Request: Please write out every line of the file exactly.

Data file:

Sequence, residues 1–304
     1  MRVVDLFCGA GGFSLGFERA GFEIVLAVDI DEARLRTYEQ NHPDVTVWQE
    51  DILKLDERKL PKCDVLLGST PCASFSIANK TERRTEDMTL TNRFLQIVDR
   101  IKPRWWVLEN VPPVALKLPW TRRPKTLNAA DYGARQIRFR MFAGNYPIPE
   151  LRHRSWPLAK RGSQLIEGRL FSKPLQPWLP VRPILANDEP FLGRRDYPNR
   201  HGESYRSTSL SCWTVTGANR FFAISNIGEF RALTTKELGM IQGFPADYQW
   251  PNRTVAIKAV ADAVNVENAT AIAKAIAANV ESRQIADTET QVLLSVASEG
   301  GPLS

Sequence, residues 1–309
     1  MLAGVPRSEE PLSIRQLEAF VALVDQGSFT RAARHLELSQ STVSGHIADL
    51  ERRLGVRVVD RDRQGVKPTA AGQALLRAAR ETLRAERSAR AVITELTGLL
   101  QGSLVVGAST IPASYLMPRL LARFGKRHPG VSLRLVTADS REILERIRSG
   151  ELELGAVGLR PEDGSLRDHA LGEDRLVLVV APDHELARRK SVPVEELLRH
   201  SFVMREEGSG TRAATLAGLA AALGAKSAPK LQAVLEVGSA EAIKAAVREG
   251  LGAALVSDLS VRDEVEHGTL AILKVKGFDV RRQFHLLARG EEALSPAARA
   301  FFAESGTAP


Sequence, residues 1–304
     1  MRVVDLFCGA GGFSLGFERA GFEIVLAVDI DEARLRTYEQ NHPDVTVWQE
    51  DILKLDERKL PKCDVLLGST PCASFSIANK TERRTEDMTL TNRFLQIVDR
   101  IKPRWWVLEN VPPVALKLPW TRRPKTLNAA DYGARQIRFR MFAGNYPIPE
   151  LRHRSWPLAK RGSQLIEGRL FSKPLQPWLP VRPILANDEP FLGRRDYPNR
   201  HGESYRSTSL SCWTVTGANR FFAISNIGEF RALTTKELGM IQGFPADYQW
   251  PNRTVAIKAV ADAVNVENAT AIAKAIAANV ESRQIADTET QVLLSVASEG
   301  GPLS

Sequence, residues 1–309
     1  MLAGVPRSEE PLSIRQLEAF VALVDQGSFT RAARHLELSQ STVSGHIADL
    51  ERRLGVRVVD RDRQGVKPTA AGQALLRAAR ETLRAERSAR AVITELTGLL
   101  QGSLVVGAST IPASYLMPRL LARFGKRHPG VSLRLVTADS REILERIRSG
   151  ELELGAVGLR PEDGSLRDHA LGEDRLVLVV APDHELARRK SVPVEELLRH
   201  SFVMREEGSG TRAATLAGLA AALGAKSAPK LQAVLEVGSA EAIKAAVREG
   251  LGAALVSDLS VRDEVEHGTL AILKVKGFDV RRQFHLLARG EEALSPAARA
   301  FFAESGTAP